they will look for me but will not find me,
29 since they hated knowledge
and did not choose to fear the Lord.

That, my friends, is something to be afraid of. The God I serve has all power. I don’t get to choose the way I want to do it. I get to choose who I follow. 

We shouldn’t be surprised. We have raised a generation of children who mock their parents, refuse instruction and are praised for it. This is shameful. We are reaping what we have sown as a society. Our music, television and media defy all wisdom and instruction. We let a carnal godless world indoctrinate our children because we didn’t want to rebuke them. Now we are upset that they won’t listen to reason and stop their out of control behavior. What we need is to regain our fear of the Lord. We need to repent and follow His instructions and gladly listen to His rebukes. He has given them not because He is a tyrant, but because He loves us. He cares what happens to us. He knows what lies ahead if we refuse.

I challenge you today. Bravely look at how you see God. Do you have a right fear of the All Mighty? Or is he so familiar that you can disregard what He has said? If we want to see change, we must be changed. Our lives, our families and our country will not be affectively impacted without it. We need the fear of God. We need to remember who He is and what He can do. We need a revival!

Blessings to you and yours,

Jaime Luce

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THE VALLEY OF DECISION

man wearing red hoodie standing near body of water with view of mountains
Photo by Simon Migaj on Pexels.com

Decisions, decisions. In the words of Joel the prophet, “Multitudes, Multitudes in the valley of decision.” Most decisions are small and are made every day almost without thought. Then there are those that we find ourselves running from or wrestling with that keep us up at night. These are the “valley decisions.” A valley is either the place where you are caught between a rock and a hard place with mountains on every side or a lost place. A place of confusion and disorientation.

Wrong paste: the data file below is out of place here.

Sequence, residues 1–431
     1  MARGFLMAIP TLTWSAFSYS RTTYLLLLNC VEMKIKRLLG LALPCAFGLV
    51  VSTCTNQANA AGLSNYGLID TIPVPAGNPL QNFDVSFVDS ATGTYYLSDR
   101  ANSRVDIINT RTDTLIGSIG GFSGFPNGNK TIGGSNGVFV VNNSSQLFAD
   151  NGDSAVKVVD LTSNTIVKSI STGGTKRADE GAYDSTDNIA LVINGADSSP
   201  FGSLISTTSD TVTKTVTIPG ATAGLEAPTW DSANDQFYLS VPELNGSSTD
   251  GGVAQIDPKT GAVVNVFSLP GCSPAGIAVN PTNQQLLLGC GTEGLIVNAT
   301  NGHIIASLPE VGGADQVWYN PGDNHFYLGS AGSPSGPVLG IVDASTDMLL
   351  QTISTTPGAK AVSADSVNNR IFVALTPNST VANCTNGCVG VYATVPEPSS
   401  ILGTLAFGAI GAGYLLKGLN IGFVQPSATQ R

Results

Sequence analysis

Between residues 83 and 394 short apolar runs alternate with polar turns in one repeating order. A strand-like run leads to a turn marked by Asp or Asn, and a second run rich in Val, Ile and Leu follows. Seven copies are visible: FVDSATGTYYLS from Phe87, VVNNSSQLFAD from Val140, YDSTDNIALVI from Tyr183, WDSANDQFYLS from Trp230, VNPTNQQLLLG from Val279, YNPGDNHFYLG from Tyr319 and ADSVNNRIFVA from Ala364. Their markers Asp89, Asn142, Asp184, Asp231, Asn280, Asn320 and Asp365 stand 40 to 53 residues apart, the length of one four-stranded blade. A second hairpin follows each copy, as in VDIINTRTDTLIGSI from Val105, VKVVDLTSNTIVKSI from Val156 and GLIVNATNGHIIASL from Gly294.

The first time I read this passage in Joel 3 my heart sank at the thought of multitudes in a valley of decision. What will they do with Jesus? It both horrifies and compels me. The truth of that still sits with me but today to Lord showed me this passage from a different perspective. This does not nullify its meaning but opens another revelation.

Those who have already made the decision to follow Christ will still find themselves in valleys of decision. These decisions must be made but we see mountains on every side. Fear of the unknown hangs over us like a looming shadow. I have been in this valley several times and as I look back, I see two things it took to move out of the valley which are noted in Joel 3:10. He says, “Beat your plowshares into swords and your pruning hooks into spears; Let the weak say, “I am strong.’”

This picture expresses going from the daily routine to a posture of war. First, change your usual tools from routine to a weapon of purpose. You cannot continue as if nothing is different. There is a season for plowing and pruning back. Then there is a season of advancing and taking new ground where you aren’t just plowing the same old ground over and over. Second, while in the valley you may feel small, weak and ill-equipped but you are not to make decisions based on how you feel. You must say “I am strong.” We must not let fear lead. Faith must lead the charge. Gideon, in Judges 6 is a great example. He was threshing wheat in fear, but the angel called him a mighty man of valor signifying he was a warrior not a thresher. He needed different tools and faith instead of fear.

Once we have warred for direction we must charge forward in faith. The just shall live by faith. We cannot remain in a valley of decision. Our indecision is a decision and double mindedness will only take you in circles. This was the case for the children of Israel in the wilderness. They said they wanted to go to the promised land but feared and had no faith seeing themselves as grasshoppers against giants. This led to a 40-year journey of going in circles until Joshua led the faith charge forward.

The good news for those who belong to Jesus is that every valley has a river running through it. He is our source of strength and refreshing. If we will get in the river his current will carry us to the right destination.

Scripture references:

Joel 1-3

Judges 6

Psalm 23 explains this. “The Lord is my shepherd; I shall not want. He makes me lie down in green pastures; He leads me beside still waters. He restores my soul; He leads me in the paths of righteousness for His name’s sake. Yea, though I walk through the valley of the shadow of death, I will fear no evil; For You are with me; Your rod and Your staff, they comfort me. You prepare a table before me in the presence of my enemies; You anoint my head with oil; My cup runs over. Surely goodness and mercy shall follow me all the days of my life; and I will dwell in the house of the Lord forever.

Jaime Luce